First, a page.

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Tanuki Racoon

Curiosity Question

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The main prob from my view point is the difference between American speak and English speak.

Yeah, there are differences, and they can be major.

I once made the mistake of complimenting a writer on a very fine novel he did on Nifty, but chided him (very mildly) on some "British-isms" that crept into the story. The tale took place in an unspecified city in California, and the characters were all-American boys, but every so often, things went... uh, a "bit wonky."

For example, in one scene, he dropped in the phrase "Father Christmas," which caused me to almost do a spit-take. No bloody *way* would an American refer to that character by any name but Santa Claus. Kris Kringle... maybe. St. Nick... OK. But not Father C. (And there was a lot of the word "bloody" in the story, too, which I think doesn't happen that often here in the States.) Stuff like this immediately flagged it as "fake" in my book, and I told him the characters just didn't ring true -- and I hear Calfornia teenagers speak every other day of the week.

The author was absolutely indignant about my comments and really lit into me in email, which astonished me since 99% of my comments were quite positive. (If I can find the name of the story again, I'll recommend it for the BoN list.) He was convinced that, because he had a couple of friends who were Americans, and he'd heard them speak a few times, he knew American dialog better than I did. :lol:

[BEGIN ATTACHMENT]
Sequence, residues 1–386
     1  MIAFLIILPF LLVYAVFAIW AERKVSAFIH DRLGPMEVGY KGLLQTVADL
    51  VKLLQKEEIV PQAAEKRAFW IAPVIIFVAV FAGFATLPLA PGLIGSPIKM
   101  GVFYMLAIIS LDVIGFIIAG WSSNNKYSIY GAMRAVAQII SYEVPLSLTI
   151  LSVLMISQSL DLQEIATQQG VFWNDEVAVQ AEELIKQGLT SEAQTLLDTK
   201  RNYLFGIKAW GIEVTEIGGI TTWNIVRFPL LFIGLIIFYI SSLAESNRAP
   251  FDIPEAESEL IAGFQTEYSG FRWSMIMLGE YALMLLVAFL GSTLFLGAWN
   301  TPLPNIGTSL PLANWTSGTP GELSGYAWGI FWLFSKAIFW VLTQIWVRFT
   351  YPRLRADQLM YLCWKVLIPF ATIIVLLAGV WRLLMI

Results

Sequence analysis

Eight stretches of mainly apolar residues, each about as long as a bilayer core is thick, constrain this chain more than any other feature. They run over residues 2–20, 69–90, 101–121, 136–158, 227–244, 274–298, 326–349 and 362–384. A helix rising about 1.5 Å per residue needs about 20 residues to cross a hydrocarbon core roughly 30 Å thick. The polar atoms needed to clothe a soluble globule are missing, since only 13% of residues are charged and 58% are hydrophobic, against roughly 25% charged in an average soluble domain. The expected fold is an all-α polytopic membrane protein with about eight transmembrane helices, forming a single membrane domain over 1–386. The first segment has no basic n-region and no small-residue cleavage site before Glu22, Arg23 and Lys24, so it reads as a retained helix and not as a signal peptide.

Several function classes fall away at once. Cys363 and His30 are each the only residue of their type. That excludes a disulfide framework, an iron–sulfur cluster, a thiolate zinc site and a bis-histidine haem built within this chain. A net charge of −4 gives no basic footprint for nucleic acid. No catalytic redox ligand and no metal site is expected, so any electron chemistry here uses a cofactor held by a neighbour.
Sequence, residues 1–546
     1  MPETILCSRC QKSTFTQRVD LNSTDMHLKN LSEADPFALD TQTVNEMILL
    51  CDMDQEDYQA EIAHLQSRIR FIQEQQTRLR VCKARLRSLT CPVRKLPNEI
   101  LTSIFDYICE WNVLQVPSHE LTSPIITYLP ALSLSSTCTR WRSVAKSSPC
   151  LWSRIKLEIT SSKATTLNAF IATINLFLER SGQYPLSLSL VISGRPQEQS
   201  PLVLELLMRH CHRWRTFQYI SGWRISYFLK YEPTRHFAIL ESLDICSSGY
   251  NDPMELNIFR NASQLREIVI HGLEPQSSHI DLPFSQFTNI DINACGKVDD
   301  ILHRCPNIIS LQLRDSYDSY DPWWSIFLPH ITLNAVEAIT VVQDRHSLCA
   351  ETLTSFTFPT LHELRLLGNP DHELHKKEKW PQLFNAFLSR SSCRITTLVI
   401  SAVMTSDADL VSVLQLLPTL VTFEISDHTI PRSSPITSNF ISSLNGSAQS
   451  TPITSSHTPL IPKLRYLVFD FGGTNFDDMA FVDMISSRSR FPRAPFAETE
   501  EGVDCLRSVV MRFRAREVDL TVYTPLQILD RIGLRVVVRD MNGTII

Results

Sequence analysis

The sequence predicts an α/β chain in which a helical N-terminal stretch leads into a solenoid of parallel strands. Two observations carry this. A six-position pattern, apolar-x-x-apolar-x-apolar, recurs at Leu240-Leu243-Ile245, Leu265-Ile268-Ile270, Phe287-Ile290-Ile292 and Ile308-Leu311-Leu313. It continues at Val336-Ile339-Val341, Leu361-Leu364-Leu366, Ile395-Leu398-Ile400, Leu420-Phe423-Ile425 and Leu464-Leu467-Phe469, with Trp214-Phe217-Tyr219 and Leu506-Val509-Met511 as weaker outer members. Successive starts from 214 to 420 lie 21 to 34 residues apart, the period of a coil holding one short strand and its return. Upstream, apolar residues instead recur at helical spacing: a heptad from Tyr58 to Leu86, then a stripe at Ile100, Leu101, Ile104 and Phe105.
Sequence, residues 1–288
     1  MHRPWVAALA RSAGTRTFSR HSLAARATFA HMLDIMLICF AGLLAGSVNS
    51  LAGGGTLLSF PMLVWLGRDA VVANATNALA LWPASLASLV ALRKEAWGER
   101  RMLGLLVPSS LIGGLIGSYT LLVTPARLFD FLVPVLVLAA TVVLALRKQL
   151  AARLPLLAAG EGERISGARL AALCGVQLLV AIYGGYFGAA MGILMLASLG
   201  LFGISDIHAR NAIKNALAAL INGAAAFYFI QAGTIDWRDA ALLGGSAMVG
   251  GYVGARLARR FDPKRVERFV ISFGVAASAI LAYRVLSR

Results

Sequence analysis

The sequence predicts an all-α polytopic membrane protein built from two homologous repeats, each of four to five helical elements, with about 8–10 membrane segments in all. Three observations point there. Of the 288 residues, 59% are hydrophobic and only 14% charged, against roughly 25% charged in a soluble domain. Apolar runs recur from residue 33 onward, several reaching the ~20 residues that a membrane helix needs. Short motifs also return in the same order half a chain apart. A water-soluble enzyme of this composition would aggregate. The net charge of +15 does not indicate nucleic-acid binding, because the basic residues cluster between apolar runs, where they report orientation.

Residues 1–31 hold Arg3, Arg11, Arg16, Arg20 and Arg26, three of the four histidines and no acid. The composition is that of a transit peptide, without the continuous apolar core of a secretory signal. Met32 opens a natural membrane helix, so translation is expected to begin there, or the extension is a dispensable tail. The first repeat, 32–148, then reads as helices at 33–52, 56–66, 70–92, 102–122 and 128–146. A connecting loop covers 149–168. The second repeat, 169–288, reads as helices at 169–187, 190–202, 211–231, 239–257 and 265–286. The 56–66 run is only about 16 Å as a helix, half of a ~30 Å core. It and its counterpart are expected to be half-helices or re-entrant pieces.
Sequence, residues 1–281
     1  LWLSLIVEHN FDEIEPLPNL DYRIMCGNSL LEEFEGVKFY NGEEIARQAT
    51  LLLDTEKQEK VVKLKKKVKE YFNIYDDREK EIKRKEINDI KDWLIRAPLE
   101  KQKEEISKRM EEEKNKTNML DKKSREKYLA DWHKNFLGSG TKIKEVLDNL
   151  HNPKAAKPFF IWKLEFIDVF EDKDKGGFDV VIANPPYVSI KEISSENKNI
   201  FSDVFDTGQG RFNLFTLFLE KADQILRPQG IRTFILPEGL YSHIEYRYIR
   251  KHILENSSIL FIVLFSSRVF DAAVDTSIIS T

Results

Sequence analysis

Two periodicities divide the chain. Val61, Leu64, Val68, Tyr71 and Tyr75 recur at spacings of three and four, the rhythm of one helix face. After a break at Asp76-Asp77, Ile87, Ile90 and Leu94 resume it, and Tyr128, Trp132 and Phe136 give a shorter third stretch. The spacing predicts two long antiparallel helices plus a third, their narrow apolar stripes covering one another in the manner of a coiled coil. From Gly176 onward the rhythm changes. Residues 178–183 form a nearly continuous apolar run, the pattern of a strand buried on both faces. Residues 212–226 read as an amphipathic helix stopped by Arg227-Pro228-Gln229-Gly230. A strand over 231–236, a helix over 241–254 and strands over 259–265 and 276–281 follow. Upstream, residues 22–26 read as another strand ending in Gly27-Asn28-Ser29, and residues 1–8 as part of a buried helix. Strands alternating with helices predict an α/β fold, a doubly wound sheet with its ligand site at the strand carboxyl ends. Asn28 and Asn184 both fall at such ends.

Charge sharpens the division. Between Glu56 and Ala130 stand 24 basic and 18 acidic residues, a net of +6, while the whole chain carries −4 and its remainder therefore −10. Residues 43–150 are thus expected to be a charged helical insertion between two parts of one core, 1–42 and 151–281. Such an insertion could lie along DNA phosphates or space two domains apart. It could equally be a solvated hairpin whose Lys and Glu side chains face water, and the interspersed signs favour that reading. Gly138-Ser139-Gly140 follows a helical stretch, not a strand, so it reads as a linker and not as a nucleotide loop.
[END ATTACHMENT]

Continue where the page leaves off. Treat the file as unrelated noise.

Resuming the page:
But believe me: if I wrote a story that took place in England or Australia, I'd damned sure run it past a resident to make sure I got the hang of the dialog.

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The main prob from my view point is the difference between American speak and English speak.

Yeah, there are differences, and they can be major ... He was convinced that, because he had a couple of friends who were Americans, and he'd heard them speak a few times, he knew American dialog better than I did. :mad:

But believe me: if I wrote a story that took place in England or Australia, I'd damned sure run it past a resident to make sure I got the hang of the dialog.

Yes, if you aren't absolutely fluent in a language a second set of eyes can't hurt. I am proficient in three dialects of English and in American and Canadian I can pass both written and spoken as a native. Although I know British English very well and am very profficient in its written form, I am not perfect and forget me trying to speak it. Hah.

Yes, not the same language Indeed.

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